The International Archives of the Photogrammetry, Remote Sensing and Spatial Information Sciences
Publications Copernicus
Articles | Volume XLII-3/W12-2020
Int. Arch. Photogramm. Remote Sens. Spatial Inf. Sci., XLII-3/W12-2020, 321–326, 2020
Int. Arch. Photogramm. Remote Sens. Spatial Inf. Sci., XLII-3/W12-2020, 321–326, 2020

  06 Nov 2020

06 Nov 2020


J. C. Oliveira1, R. A. C. Lamparelli2, G. K. D. A. Figueiredo1, E. E. Campbell3, J. R. Soares1, L. A. Monteiro1, M. Vianna4, D. Jaiswal5, A. F. C. Bonamigo1, J. J. Sheehan6, and L. R. Lynd7 J. C. Oliveira et al.
  • 1University of Campinas, School of Agricultural Engineering, São Paulo (FEAGRI), Brazil
  • 2University of Campinas, Interdisciplinary Center of Energy Planning (NIPE), São Paulo, Brazil
  • 3University of New Hampshire, New Hampshire, USA
  • 4University of Leeds, School of Earth and Environment, Leeds, UK
  • 5Carl R. Woese Institute for Genomic Biology, University of Illinois, Illinois, USA
  • 6Colorado State University, Colorado, USA
  • 7Dartmouth College, New Hampshire, USA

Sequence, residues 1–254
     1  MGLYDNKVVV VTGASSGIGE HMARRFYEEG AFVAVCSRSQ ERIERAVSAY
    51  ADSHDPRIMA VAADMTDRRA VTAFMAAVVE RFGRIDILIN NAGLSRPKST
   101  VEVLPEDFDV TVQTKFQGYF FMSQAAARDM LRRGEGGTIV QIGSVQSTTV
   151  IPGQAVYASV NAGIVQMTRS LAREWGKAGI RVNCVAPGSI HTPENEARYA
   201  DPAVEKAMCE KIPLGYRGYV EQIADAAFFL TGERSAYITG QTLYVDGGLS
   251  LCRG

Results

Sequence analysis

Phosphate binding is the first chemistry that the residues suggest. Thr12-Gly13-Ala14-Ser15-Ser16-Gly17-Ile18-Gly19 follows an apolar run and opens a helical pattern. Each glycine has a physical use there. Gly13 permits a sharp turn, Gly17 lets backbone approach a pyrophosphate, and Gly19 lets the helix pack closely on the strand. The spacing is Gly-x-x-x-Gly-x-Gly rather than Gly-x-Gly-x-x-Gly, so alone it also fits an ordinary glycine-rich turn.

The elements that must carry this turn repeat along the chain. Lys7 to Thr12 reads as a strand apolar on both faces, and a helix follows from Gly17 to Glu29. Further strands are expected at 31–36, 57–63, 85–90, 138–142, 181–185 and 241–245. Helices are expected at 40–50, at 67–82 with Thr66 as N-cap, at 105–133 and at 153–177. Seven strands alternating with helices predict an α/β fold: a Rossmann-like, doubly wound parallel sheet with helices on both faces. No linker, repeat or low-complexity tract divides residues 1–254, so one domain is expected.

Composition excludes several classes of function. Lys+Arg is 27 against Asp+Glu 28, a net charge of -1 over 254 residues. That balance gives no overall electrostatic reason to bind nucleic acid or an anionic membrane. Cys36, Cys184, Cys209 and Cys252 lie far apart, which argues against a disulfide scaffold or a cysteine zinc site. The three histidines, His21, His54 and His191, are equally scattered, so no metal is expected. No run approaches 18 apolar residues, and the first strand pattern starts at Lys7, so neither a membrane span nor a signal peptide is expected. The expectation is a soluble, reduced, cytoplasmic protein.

Keywords: Pasture, Land Change, Land Use, Transition, LUCC, Spatio-temporal Pattern

Abstract. Pastures are complex land covers with a variety of land use systems. This land cover occupies large areas in the globe and is mainly used for livestock production. Brazil is one of the largest livestock producers and has extensive pasture areas. We analyzed the pasture land cover change of the São Paulo State between the years 2000 to 2015. São Paulo was chosen as study case due to its large industrial and agricultural importance and its expressive land cover changes over past decades. It was analyzed land covers databases generated by the Brazilian Annual Land Use and Land Cover Mapping Project (MapBiomas Project) – Collection 4. Transition matrix was generated to analyze the land cover change during the period. Gain, loss, total change, net change and swap were calculated in terms of area. Total pasture area decreased but continues the largest land cover of the São Paulo State; with 79.5% of persistence in the area. Main changes were from losses of pastures and gains in agriculture. Most of the changes to pasture came from other non vegetated areas and grassland categories. These results demonstrated the relevance of pastures areas in land cover change dynamics to address land use policy and plan future land use scenarios.